• Friction testing. There are several techniques through which explosives may be tested to determine their sensitivity to friction. One of the most popular is the ABL friction test, which uses a line of explosives on a prepared metal plate, placed in front of a specially prepared metal wheel that is forced down upon the plate with a hydraulic press. The metal plate is then struck with a pendulum to move it, squeezing the explosives between plate and wheel as the plate moves. Initiation is determined, and analyzed by the Bruceton analysis or Neyer d-optimal test, as above. BAM friction testing is similar, except that the sample is placed on a ceramic plate which is then moved side-to-side as a ceramic peg exerts force on the sample.
  • Electrostatic discharge. Testing for ESD, or "spark" sensitivity of explosives is performed with a machine designed to discharge from a capacitor through a prepared sample. The Sandia National Labs design employs a dipping needle that punctures a sample cell and discharges the spark simultaneously. The amount of energy discharged into the cell becomes the variable in which Bruceton analysis or Neyer d-optimal test is performed to determine spark sensitivity.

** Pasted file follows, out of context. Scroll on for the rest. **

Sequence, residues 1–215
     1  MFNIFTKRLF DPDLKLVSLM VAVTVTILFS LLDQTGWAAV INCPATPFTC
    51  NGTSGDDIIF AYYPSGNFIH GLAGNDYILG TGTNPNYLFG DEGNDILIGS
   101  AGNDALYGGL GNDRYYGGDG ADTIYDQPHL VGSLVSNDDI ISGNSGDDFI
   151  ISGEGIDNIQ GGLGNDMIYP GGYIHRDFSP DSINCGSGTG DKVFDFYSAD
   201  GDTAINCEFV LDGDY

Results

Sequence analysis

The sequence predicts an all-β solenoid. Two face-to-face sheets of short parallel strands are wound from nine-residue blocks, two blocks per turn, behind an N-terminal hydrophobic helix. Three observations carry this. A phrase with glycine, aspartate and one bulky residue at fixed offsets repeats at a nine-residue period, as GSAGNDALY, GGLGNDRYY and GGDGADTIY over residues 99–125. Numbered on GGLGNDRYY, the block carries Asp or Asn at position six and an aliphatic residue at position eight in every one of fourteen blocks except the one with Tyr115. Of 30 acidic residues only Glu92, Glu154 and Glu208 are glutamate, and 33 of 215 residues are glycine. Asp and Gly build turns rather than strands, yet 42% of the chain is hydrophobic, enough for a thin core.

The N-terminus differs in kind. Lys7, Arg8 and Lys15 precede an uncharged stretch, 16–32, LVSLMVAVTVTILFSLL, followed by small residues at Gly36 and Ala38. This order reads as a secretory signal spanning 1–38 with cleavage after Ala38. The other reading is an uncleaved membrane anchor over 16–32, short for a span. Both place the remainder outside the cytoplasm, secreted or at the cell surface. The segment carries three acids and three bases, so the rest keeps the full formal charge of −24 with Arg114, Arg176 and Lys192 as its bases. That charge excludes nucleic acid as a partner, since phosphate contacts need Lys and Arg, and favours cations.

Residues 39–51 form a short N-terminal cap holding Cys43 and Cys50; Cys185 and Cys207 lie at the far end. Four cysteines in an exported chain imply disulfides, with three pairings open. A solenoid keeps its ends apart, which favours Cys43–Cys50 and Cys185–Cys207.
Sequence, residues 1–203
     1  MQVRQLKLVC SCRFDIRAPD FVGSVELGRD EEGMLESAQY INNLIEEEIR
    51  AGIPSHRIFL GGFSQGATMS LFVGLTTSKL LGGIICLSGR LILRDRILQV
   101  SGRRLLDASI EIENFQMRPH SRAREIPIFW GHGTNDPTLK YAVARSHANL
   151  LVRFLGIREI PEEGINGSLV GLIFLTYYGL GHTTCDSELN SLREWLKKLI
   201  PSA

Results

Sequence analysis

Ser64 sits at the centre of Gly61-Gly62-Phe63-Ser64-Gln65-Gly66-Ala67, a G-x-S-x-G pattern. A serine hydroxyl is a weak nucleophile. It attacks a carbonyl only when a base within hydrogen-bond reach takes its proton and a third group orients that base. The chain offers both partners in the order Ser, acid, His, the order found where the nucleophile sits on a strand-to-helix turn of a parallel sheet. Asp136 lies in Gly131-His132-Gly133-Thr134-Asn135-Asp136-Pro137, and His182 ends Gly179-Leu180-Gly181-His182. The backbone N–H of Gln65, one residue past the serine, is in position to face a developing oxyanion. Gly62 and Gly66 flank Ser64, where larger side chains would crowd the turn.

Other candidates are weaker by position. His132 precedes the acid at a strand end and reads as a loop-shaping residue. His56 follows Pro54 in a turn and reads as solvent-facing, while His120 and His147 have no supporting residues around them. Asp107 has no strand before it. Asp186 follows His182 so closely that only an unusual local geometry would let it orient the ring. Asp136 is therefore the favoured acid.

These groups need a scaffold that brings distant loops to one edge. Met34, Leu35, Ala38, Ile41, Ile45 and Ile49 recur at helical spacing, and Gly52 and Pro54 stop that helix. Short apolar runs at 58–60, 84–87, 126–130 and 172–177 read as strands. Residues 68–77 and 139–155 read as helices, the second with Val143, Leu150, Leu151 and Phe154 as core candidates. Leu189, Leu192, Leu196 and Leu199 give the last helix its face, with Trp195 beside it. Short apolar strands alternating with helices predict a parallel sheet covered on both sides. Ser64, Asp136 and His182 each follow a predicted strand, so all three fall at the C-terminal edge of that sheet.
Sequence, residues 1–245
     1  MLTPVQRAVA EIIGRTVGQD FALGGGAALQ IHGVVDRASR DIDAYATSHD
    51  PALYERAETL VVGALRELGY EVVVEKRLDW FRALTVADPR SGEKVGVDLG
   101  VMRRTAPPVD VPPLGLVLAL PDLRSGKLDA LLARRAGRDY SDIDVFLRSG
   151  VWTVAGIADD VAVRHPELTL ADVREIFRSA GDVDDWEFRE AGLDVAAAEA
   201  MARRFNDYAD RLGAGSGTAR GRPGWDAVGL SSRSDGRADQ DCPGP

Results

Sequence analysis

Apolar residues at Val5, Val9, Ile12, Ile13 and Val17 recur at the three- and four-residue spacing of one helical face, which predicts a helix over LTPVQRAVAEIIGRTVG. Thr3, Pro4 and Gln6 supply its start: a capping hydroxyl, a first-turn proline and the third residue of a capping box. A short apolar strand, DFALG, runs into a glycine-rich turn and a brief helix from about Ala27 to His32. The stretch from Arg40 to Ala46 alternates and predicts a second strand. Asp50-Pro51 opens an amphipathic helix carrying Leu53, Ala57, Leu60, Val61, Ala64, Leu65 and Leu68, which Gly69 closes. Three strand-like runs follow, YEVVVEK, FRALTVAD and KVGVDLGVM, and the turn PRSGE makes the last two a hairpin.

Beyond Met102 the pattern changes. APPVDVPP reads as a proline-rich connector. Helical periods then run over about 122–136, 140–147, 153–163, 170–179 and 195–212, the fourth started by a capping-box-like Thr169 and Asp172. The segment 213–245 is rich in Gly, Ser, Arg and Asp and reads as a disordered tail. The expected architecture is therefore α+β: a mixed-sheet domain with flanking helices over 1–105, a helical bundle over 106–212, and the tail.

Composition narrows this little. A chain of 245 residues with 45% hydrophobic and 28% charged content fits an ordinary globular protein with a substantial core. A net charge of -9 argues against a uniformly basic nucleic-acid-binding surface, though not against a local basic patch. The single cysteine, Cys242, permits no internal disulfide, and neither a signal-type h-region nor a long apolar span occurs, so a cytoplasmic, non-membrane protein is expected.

• Thermal sensitivity. Determining the point at which a compound is capable of detonating under confinement with thermal stress is useful. A fixed quantity of material is placed in an aluminum blasting cap shell, and pressed into place with an aluminum plug. The sample is immersed in a hot metal bath, and the time-to-detonation is measured. If over 60 seconds, a fresh sample is run again at a higher temperature. In this manner, it is possible to determine the temperature at which an explosive will detonate on the small scale. Unlike the other tests above, this figure is misleading as explosives have more thermal issues on the large scale. Therefore, the thermal sensitivity figures established using this technique are higher than one would expect in the real world. Thermal safety testing may also be performed via differential scanning calorimetry, in which a small (sub-milligram) sample is placed in a sample cell, and the temperature is increased slowly. The calorimeter determines how much energy is required to increase the temperature of the sample. Using this device, characteristics such as the melting point, phase transitions and decomposition temperature of an explosive may be determined.